Military Review English Edition March-April 2016 - Page 133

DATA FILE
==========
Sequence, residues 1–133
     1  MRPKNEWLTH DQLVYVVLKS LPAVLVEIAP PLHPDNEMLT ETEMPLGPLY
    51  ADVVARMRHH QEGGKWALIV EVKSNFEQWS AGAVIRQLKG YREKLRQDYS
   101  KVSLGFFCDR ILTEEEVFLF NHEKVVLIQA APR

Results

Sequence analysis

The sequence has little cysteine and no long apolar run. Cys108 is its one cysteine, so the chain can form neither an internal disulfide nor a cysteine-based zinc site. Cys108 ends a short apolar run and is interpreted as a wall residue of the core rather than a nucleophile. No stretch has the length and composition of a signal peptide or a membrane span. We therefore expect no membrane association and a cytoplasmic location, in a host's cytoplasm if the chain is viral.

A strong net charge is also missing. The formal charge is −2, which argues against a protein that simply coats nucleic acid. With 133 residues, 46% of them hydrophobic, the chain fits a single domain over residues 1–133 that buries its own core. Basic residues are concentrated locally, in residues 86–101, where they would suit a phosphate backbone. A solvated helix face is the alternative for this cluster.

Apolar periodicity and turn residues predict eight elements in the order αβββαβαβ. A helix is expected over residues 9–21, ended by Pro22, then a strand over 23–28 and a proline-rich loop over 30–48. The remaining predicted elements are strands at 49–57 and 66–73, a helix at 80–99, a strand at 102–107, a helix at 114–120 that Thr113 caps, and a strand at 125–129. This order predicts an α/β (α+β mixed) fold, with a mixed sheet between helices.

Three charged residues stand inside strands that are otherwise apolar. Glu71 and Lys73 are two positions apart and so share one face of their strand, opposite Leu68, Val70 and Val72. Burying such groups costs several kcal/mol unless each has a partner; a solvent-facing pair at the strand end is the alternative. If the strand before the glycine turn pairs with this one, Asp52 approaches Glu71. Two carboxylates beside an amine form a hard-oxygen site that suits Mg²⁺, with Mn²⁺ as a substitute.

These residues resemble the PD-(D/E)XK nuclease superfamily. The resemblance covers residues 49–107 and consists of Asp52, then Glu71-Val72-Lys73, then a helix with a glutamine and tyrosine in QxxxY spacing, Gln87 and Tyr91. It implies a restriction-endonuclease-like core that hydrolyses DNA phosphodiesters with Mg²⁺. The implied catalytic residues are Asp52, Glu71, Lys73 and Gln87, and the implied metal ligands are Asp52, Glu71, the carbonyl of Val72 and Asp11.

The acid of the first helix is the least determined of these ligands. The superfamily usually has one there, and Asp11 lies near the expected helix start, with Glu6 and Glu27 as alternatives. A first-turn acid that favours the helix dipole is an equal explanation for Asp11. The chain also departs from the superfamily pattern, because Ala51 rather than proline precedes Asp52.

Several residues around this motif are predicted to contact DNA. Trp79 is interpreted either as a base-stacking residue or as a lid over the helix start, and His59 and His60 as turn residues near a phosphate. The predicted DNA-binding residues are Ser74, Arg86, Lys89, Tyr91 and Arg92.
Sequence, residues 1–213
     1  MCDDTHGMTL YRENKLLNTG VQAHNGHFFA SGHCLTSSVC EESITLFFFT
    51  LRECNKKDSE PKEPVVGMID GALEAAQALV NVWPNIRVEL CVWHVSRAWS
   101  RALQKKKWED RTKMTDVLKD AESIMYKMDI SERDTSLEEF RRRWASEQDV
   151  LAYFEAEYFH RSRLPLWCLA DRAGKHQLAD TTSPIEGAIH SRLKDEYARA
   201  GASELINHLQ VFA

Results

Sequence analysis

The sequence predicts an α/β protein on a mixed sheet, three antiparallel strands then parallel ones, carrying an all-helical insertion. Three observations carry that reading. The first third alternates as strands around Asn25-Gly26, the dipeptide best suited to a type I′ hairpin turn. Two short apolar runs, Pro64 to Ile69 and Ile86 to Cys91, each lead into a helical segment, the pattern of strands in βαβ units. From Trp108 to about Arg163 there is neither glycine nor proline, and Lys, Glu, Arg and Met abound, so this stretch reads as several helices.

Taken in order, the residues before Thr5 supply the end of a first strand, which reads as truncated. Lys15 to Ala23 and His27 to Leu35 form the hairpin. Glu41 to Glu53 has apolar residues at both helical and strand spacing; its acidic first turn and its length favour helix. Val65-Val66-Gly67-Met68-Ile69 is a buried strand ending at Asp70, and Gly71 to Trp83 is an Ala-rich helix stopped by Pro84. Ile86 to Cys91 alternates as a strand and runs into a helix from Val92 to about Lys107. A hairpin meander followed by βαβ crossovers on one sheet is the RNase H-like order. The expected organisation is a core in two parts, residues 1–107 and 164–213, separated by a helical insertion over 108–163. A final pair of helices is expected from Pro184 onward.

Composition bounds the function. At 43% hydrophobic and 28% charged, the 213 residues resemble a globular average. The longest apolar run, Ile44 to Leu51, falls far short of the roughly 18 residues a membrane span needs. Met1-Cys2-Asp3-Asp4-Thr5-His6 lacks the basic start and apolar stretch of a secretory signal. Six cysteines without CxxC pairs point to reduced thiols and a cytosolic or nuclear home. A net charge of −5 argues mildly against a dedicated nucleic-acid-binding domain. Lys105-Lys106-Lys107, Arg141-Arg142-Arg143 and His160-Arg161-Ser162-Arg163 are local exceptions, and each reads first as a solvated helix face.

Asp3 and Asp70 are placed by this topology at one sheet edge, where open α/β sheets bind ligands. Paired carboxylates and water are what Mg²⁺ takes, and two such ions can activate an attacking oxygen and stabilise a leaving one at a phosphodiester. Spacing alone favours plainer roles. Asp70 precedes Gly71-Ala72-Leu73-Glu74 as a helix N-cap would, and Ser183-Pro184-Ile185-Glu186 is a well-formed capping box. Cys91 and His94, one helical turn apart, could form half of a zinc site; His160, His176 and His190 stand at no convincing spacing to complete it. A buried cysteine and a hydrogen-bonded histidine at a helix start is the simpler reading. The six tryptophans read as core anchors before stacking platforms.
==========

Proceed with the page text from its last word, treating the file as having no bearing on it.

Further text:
BOOK REVIEWS A VERY PRINCIPLED BOY: The Life of Duncan Lee, Red Spy and Cold Warrior Mark A. Bradley, Basic Books, New York, 384 pages P etraeus, Cartwright, Sterling, Kiriakou, Manning, Snowden—these are military and civilian officials who, admittedly, reportedly, or as revealed after conviction in a court of law, provided classified information to those without requisite security clearances or a need to know. Recipients included lovers, journalists, and—perhaps directly or eventually—foreign intelligence services. Former Central Intelligence Agency (CIA) director David Petraeus paid a fine, and he remains on probation. Jeffrey Sterling, a former midlevel CIA officer, was prosecuted and sentenced to prison. With regard to the case of former Marine Gen. James Cartwright, the information that would have been needed to be released in support of a court proceeding was, reportedly, deemed too sensitive. While critics have suggested nefarious motivations for this variance in prosecution, this is not the first time our leaders have struggled with how far to go in prosecuting espionage. Such is the setting for Mark Bradley’s A Very Principled Boy: The Life of Duncan Lee, Red Spy and Cold Warrior. The Office of Strategic Services (OSS) was the predecessor of the CIA, and in 1943, Duncan Lee worked in the office of OSS director William “Wild Bill” Donovan. J. Edgar Hoover’s Federal Bureau of Investigation (FBI) knew Lee was also a Soviet spy and investigated him extensively, but Lee died a free man in 1988. How did he get away with this when others did not? Mark Bradley, himself a former CIA officer, taps into declassified primary and secondary sources for Principled Boy, providing readers with a valuable examination of this ultimately feckless counterintelligence prosecution, hobbled as it was by internecine politics and national security concerns. Things went awry for Lee when his second Soviet NKGB (Soviet secret police) handler, Elizabeth Bentley, with whom he claimed to have had a sexual relationship, voluntarily provided detailed information to the FBI about the network of spies she ran, including Lee. It seems obvious what should have MILITARY REVIEW  March-April 2016 then happened: the FBI’s star witness provides enough information to allow the FBI to investigate Lee fully, collect additional damning evidence, and prosecute him in a court of law. As the reader learns, Lee quite cleverly committed his information to memory and only delivered it verbally to his NKGB handlers. As such, the FBI had no “smoking gun” documents to use in court as evidence of his betrayal. The FBI did, however, have the Venona transcripts—decrypted Soviet communiques that confirmed Lee’s identity as a Soviet source and corroborated Bentley’s information. Even so, and perhaps as a result of parallels to current cases, U.S. national leadership at the time decided that the revelation of its intelligence capabilities—specifically, the ability to decrypt Soviet communiques—would do more damage than the value gleaned from its use in a criminal court proceeding. This is where Principled Boy gets interesting—not so much for the information Lee was reported to have provided or his motivations, but rather for the government’s inability to prosecute. Over the years, Lee was able to keep his story straight enough, and FBI surveillance never was able to identify any incidents in which he conducted espionage. Lee thus benefited from the officials’ appropriate concerns regarding inadvertently providing sources and methods to Soviet intelligence, raw politics, Cold War national security excesses (McCarthyism), and the intercession of high-level supporters. Donovan, who hired Lee in the first place and who may have been as much or more interested in preserving his own reputation, continued to support Lee even as Bentley’s revelations surfaced and the FBI and State Department took steps to deal with Lee. The section of Principled Boy that addresses Ruth Shipley, director of the State Department’s passport office, and her Ahabian efforts to refuse Lee a passport, are quite entertaining, especially if you have any direct experience dealing with government bureaucracy. The reader interested in a detailed history of Cold War espionage, and looking for useful lessons related to today’s counterintelligence challenges, will find A Very Principled Boy thought provoking and informative. John G. Breen, PhD, Fort Leavenworth, Kansas 131